Interview with a Queer Reader: Natalie Cannon Talks KUSHIEL’S DART, Gay Sherlock and Watson, Ace Romance Novels, and More!

natalie-cannonNatalie Cannon is a person of many hats: writer, editor, and reader for three. She writes urban fantasy short stories for her MFA Fairleigh Dickinson University and her first short story is going to be published in Ink & Locket’s Warrior anthology! She also copyedits everything from YA novels to yard sale guidebooks. She said her “personal appetite for books is an endless bi space void.” She loves reading and thinking about storytelling and thinks of them as her own form of magic. You can find her on Twitter @NMCannon if any of these shenanigans interest you. She tweets a lot about diverse books, intersectional feminism, writing, and smashing the patriarchy. (Uh, who wouldn’t want to hear about that?)

Here’s a peek into Natalie’s queer reading habits, where she talks about finding queer subtext in the original Sherlock Holmes books, Jacqueline Carey’s epic fantasy trilogy featuring a pansexual protagonist, wondering if there are any good asexual romance novels, and more. You should probably pull up your Goodreads or whatever else you use to keep track of the books you want to read, cause Natalie’s about to give you some awesome recs.

What was the first LGBTQ2IA+ book(s) you remember reading? How did you end up reading it (i.e., were you searching for queer books or did you just happen across it?)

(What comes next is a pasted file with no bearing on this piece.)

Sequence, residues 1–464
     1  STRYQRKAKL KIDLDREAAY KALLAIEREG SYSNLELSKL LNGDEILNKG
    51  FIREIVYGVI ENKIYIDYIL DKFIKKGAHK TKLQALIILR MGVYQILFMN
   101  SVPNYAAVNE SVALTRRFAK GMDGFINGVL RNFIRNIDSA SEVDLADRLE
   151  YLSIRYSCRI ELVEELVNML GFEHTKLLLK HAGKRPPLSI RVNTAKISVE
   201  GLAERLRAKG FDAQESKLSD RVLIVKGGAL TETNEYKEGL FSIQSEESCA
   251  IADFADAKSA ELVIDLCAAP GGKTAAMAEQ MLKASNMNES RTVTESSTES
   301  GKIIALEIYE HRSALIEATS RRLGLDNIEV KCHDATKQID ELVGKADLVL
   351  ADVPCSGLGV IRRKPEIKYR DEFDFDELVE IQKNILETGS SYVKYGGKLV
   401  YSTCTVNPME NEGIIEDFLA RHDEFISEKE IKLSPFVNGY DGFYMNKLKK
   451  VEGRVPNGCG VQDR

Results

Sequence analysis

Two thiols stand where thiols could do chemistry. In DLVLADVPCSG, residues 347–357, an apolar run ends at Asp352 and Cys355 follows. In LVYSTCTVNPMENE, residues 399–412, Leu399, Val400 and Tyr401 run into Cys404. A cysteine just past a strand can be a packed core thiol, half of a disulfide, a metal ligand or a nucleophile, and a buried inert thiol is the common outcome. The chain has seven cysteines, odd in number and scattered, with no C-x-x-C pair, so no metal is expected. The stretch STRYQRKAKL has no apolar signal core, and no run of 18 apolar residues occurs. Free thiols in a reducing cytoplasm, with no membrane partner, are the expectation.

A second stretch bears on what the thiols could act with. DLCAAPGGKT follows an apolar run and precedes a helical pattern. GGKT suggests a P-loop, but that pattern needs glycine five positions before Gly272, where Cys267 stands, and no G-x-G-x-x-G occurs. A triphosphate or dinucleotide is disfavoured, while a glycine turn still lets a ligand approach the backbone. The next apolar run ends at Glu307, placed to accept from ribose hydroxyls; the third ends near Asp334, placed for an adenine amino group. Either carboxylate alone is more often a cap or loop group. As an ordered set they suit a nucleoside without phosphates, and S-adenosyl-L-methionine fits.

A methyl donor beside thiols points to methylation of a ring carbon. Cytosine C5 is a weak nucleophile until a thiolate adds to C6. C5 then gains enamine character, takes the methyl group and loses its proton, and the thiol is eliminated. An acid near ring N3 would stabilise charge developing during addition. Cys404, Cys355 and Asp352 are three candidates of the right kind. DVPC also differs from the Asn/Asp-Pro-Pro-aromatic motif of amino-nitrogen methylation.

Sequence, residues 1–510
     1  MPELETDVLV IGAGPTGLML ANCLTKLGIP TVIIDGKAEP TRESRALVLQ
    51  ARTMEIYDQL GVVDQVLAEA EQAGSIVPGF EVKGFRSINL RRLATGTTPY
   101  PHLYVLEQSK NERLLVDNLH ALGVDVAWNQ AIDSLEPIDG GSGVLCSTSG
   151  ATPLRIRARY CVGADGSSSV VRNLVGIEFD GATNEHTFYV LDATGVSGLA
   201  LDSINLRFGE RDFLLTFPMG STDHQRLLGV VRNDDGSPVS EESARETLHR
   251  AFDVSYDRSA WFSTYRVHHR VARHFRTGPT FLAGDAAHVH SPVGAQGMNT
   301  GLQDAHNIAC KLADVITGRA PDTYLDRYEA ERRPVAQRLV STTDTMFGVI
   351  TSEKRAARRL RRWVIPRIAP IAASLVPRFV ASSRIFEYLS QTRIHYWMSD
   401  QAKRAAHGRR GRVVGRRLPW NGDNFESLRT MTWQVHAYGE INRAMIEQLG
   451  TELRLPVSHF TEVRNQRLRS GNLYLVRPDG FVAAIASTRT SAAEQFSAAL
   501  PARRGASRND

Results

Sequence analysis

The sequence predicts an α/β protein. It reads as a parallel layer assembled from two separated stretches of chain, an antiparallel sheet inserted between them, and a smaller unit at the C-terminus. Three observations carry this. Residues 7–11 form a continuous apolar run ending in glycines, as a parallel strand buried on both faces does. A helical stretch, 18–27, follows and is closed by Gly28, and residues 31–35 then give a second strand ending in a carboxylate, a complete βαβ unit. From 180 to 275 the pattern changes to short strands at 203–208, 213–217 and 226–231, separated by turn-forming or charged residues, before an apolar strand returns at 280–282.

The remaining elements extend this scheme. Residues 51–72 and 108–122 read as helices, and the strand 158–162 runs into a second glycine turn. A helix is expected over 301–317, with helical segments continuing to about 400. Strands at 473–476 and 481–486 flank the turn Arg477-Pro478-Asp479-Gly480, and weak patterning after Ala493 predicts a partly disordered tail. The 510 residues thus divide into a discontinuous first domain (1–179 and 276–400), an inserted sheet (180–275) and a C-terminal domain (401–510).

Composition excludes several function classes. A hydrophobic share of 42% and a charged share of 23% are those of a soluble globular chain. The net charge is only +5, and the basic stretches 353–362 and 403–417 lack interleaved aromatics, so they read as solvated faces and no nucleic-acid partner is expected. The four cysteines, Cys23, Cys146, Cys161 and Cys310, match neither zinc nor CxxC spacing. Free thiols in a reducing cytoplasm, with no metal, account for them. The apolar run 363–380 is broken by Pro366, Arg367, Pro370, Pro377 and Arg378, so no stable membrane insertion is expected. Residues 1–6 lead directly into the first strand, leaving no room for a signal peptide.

Haha, that’s a bit complicated. Growing up, I didn’t know queer identities existed, and my big introduction to the LGBTQ world was through BBC Sherlock. After watching the TV series, I was really excited about all things Holmesian and re-read Doyle’s work with an eye for queer subtext (hint: there’s a lot). I had read Doyle before, but not through that lens. However, whether Holmes and Watson are queer is debatable and unproveable, so I’m unsure if those count as queer stories.

kushiels_dartSo, just to make sure I really answer this question, the first book I ever picked up knowing what queerness was and actively seeking out queer lit was Jacqueline Carey’s Kushiel’s Dart. Basically, Phédre, a biracial, pansexual woman, becomes a courtesan spy and tears down entire regimes and regicide plots with her monk boyfriend. It’s excellent.

What is/are your favourite LGBTQ2IA+ books, and why?

OOO, this will be difficult. Hmmm….Since I mentioned Kushiel’s Dart, I have to recommend the whole series, Kushiel’s Legacy. This consists of two trilogies, and there’s another trilogy after that for those who don’t want to leave Carey’s world behind (I mean, why would you, it’s expertly crafted, beautiful, and devastatingly thrilling).